Ethics and the DNP Prepared Nurse HV Essay

Ethics and the DNP Prepared Nurse HV Essay

Ethics is no doubt the cornerstone of the nursing profession. Capella (2022) insisted that the DNP prepared nurse must be equipped with relevant skills, competencies and capabilities for identifying and addressing ethical concerns and moral questions that emerge in the patient-provider interactions and the general clinical practice. Menonna-Quinn and Genova (2019) noted that many of these ethical issues revolve around the need for providing safe, holistic, patient-centered and evidence-based care to the various patient populations. Some of the identified ethical issues including lack of collaboration, ineffective communication and lack of requisite experience to adapt to change might contribute to the emergence of various ethical dilemmas and conflicts that could undermine the quality and safety of patient care. Similarly, Hoskins et al. (2018) asserted that compliance with the established nurses code of ethics is an important step aimed at ensuring the fundamental ethical principles of informed consent, beneficence, non-maleficence,  social justice, accountability and transparency, due diligence, integrity, advocacy and responsibility are exercised in the assessment and tackling of ethical issues in nursing.


Capella (2022) pointed out that the provision of ethics education to DNP nurse is a fundamental step aimed at enabling them to successful navigates the complex relationships with patients, physicians, communities and families and other key stakeholders, within and outside the healthcare setting. Moreover, the emergence of ethical conflicts and tensions in the nursing practice calls for DNP nurse to become fully prepared for the ethical morass of the contemporary clinical practice. Equally, the centrality of ethics education for DNP-prepared nurse is based on the greater need to enhance the capacity of these frontline healthcare workers to engage in complex decision-making and to invest their energy on delivering ethical leadership in their assigned duties and roles (Labardee et al., 2020). Therefore, the centrality of ethics in clinical practice is informed by the fact that many healthcare professionals share similar ethical issues, ethical concerns and morally-distressing events, and hence the greater importance of ethics education.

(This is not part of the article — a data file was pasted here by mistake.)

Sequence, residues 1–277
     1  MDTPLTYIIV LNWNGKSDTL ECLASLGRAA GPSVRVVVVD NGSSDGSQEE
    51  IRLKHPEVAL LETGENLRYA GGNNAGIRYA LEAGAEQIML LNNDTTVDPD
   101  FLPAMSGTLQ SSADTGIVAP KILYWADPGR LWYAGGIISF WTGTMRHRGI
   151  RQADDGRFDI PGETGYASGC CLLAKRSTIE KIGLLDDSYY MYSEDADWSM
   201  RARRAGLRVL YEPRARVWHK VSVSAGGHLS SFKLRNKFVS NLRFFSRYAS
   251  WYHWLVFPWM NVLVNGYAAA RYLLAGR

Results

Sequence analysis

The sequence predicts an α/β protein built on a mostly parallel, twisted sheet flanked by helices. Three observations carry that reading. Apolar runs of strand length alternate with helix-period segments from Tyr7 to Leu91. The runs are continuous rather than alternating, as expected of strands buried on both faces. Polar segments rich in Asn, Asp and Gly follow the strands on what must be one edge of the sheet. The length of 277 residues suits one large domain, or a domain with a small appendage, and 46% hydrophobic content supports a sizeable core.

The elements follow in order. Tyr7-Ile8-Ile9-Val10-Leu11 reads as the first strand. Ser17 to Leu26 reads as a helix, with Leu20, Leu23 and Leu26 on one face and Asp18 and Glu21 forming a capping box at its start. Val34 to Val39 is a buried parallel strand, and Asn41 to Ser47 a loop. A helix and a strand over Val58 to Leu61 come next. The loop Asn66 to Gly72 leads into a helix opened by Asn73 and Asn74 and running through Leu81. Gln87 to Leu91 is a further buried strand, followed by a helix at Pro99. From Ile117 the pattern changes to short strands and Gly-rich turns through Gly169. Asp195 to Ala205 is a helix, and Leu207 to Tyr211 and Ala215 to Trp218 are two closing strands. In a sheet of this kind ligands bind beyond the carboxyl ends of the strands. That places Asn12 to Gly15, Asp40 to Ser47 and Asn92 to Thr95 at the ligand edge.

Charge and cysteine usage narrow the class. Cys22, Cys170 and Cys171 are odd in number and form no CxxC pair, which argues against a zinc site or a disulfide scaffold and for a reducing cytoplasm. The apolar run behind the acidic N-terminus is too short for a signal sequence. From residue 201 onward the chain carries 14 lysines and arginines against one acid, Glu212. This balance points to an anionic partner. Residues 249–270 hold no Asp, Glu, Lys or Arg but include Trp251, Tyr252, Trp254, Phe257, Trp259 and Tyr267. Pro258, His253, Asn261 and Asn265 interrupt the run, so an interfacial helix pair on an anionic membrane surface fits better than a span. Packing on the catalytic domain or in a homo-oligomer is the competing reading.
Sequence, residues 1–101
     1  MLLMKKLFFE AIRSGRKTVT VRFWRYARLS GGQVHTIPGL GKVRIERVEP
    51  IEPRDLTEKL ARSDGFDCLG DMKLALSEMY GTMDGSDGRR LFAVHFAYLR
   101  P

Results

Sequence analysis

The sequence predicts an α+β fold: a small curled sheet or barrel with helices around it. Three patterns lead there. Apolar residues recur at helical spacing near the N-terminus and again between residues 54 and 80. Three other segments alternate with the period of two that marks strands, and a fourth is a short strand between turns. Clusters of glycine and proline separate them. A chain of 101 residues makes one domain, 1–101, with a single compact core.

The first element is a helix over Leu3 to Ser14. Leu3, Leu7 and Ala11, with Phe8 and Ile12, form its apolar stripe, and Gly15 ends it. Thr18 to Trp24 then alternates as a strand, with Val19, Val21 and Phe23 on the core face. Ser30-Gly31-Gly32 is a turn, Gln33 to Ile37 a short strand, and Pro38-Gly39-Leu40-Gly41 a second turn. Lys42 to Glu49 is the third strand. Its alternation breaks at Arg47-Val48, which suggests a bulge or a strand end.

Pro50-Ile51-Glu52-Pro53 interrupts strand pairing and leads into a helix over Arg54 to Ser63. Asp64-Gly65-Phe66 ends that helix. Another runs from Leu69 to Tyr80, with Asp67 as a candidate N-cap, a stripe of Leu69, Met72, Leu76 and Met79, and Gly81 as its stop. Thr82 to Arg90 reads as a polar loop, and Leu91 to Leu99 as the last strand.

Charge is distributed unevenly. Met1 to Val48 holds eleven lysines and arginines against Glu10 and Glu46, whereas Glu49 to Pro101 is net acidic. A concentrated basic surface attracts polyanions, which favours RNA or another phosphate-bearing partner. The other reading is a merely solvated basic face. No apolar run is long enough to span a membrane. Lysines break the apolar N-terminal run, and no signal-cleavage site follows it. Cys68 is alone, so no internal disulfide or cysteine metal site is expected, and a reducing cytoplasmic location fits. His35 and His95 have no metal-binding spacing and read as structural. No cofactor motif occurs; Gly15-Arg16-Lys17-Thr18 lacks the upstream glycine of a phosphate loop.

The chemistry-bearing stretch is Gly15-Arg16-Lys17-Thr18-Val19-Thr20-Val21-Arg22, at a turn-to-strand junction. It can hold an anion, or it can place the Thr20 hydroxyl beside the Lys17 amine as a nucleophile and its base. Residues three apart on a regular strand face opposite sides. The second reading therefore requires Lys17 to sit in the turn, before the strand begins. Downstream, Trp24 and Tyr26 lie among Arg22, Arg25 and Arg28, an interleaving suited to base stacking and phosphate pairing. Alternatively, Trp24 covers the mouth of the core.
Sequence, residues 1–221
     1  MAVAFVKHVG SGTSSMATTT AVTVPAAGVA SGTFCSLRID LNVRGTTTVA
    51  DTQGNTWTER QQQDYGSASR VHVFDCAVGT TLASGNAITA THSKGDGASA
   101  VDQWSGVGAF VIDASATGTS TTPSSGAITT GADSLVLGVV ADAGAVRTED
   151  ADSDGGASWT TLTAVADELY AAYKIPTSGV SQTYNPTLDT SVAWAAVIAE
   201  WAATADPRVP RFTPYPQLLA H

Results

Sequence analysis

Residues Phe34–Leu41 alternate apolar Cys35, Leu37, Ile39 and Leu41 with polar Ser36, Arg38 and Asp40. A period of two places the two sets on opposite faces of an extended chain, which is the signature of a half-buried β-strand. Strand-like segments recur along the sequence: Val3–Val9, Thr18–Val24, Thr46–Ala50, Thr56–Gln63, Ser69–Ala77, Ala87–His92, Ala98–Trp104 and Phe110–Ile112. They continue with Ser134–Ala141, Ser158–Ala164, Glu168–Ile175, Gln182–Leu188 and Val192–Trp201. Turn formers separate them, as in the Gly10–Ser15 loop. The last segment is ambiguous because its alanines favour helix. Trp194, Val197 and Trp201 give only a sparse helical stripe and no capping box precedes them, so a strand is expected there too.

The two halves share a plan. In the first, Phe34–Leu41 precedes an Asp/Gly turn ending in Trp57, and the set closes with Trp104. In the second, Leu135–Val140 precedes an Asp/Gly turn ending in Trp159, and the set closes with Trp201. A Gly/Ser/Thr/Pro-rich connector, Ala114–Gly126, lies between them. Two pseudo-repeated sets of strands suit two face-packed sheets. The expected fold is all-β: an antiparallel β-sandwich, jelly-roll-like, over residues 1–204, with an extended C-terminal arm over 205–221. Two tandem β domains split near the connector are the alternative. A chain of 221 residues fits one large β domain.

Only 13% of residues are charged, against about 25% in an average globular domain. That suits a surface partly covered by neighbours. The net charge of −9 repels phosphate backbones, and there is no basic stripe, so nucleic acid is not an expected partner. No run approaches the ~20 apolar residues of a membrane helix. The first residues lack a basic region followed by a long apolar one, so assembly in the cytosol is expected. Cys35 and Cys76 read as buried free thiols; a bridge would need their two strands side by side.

Capella, E. (2022). Legal, ethical, and policy issues. Financial and Business Management for the Doctor of Nursing Practice.

Hoskins, K., Grady, C., & Ulrich, C. (2018). Ethics education in nursing: Instruction for future generations of nurses. OJIN: The Online Journal of Issues in Nursing, 23(1).

Labardee, R., Buck, J., Coffey, R., Dhakal, K., Francis, D., Seeling, D., & Chipps, E. (2020). Describing the challenges faced by newly prepared DNP graduates in the acute care setting. Nurse Leader, 18(5), 451-454.

Menonna-Quinn, D., & Genova, T. (2019).The DNP-prepared nurse as an executive. Fast Facts for DNP Role Development.


Today, nurses often encounter various ethical challenges when caring for multiple patients. Sometimes, such challenges can originate from a patient’s refusal of medications or treatment and discomfort due to an individual or cultural beliefs. Also, they can come from within the workplace. Therefore, this paper highlights significant ethical problems among DNP-prepared nurses and explains how they may compare to problems I have faced in my practice.